Of extra concern is the potential for devastation of Indiana’s agriculture, especially row and hay crops. Wild pigs carry many diseases that could potentially infect livestock (pigs and cattle) causing not only health problems for livestock but jeopardize the “state livestock health certifications” adversely impacting exports and marketing of Indiana produced meat and other related products. Imagine the impact to our economy if Indiana’s multi-billion dollar a year hog farming production had to be destroyed to prevent viral contamination.
So is the use of Warfarin a silver bullet for the wild hog issue? Steven Backs, IDNR biologist and Indiana’s expert on wild hogs says no.
“Pigs are highly intelligent animals, and there are likely individual pigs that will recognize various types of toxicant no matter what mediums are used to disguise the toxicant,” Backs said. “Toxicants will likely just be another tool in the management tool box and we are likely a long ways from it being the main tool. There are specific requirements of the EPA labeling that may limit its practical and legal use as well.”
Of equal concern to Backs is what individuals may try to do with the Warfarin products, and the consequences both to wildlife and public perception of the product. “The main concern with the press that the warfarin “KaPut” has gotten in TX is that there will be illegal “wildcat” uses of other warfarin or similar products meant for mice/rats with some potential bad outcomes on non-target species (e.g., native wildlife and people’s pets) that will result in a negative perspective for any future approvals.”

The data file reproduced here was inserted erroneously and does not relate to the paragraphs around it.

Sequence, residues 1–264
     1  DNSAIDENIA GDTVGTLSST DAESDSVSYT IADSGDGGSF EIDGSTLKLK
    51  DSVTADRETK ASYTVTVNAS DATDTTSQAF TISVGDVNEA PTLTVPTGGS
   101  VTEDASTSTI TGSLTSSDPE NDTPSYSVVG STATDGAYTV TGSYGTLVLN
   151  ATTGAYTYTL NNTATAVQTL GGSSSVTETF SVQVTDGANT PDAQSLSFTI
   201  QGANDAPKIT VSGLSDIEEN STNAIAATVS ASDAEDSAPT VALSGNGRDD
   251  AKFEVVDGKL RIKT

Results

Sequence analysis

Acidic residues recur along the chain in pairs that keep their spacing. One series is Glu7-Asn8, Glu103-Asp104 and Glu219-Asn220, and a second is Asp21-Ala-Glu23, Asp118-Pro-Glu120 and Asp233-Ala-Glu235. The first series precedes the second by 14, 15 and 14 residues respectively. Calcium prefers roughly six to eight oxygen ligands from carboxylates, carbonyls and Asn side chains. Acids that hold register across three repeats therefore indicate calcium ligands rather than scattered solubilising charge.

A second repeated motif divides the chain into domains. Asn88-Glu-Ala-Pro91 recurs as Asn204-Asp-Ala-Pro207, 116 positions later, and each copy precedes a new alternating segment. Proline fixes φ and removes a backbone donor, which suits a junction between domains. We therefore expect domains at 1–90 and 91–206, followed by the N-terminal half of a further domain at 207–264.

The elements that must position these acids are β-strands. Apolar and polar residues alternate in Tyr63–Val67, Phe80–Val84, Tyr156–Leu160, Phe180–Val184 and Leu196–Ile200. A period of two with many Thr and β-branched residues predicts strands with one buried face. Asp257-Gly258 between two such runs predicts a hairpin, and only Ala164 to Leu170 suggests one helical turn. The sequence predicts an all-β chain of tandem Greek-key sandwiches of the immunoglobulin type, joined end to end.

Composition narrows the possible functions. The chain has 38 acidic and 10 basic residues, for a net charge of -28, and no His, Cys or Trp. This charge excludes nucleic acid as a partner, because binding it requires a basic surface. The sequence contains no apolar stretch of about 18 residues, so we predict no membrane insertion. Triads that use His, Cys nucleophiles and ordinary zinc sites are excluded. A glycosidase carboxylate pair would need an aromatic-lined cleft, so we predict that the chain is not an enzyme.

If that becomes the case, an effective tool may be taken away from landowners and others trying to eliminate an exotic, non-native, invasive species problem in Indiana.
So what’s next? Even for Backs the future use of Warfarin isn’t clear. “As far as consideration for use in Indiana, that remains to be seen. There will be individual state environmental approval processes as well as approval through the various state chemist offices, as there are for pesticides/herbicides (that will need to be completed). Even with KaPut and other toxicants under development there will always be some challenges regarding safe, effective and practical delivery systems. There are some other toxicants being researched for use on wild pigs, one is probably better than Warfarin but it has some delivery system issues.”